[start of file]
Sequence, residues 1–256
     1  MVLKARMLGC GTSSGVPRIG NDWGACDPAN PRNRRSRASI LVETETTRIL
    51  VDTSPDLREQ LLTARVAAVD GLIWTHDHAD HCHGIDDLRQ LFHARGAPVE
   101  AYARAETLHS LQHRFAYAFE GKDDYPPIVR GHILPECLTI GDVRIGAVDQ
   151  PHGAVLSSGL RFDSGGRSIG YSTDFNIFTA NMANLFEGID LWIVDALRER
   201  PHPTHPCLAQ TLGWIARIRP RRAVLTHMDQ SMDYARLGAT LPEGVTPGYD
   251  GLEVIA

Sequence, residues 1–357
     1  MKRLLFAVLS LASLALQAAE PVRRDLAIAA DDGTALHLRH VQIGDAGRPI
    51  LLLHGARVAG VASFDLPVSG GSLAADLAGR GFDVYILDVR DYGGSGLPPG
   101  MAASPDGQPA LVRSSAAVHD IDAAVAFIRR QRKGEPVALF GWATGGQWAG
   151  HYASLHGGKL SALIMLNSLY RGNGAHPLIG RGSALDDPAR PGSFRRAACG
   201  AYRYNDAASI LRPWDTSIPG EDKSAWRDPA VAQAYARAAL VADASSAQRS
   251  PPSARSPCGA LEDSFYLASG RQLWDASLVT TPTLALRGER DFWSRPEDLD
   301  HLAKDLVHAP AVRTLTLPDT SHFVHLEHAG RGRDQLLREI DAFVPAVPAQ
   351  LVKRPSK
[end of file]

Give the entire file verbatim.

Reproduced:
Sequence, residues 1–256
     1  MVLKARMLGC GTSSGVPRIG NDWGACDPAN PRNRRSRASI LVETETTRIL
    51  VDTSPDLREQ LLTARVAAVD GLIWTHDHAD HCHGIDDLRQ LFHARGAPVE
   101  AYARAETLHS LQHRFAYAFE GKDDYPPIVR GHILPECLTI GDVRIGAVDQ
   151  PHGAVLSSGL RFDSGGRSIG YSTDFNIFTA NMANLFEGID LWIVDALRER
   201  PHPTHPCLAQ TLGWIARIRP RRAVLTHMDQ SMDYARLGAT LPEGVTPGYD
   251  GLEVIA

Sequence, residues 1–357
     1  MKRLLFAVLS LASLALQAAE PVRRDLAIAA DDGTALHLRH VQIGDAGRPI
    51  LLLHGARVAG VASFDLPVSG GSLAADLAGR GFDVYILDVR DYGGSGLPPG
   101  MAASPDGQPA LVRSSAAVHD IDAAVAFIRR QRKGEPVALF GWATGGQWAG
   151  HYASLHGGKL SALIMLNSLY RGNGAHPLIG RGSALDDPAR PGSFRRAACG
   201  AYRYNDAASI LRPWDTSIPG EDKSAWRDPA VAQAYARAAL VADASSAQRS
   251  PPSARSPCGA LEDSFYLASG RQLWDASLVT TPTLALRGER DFWSRPEDLD
   301  HLAKDLVHAP AVRTLTLPDT SHFVHLEHAG RGRDQLLREI DAFVPAVPAQ
   351  LVKRPSK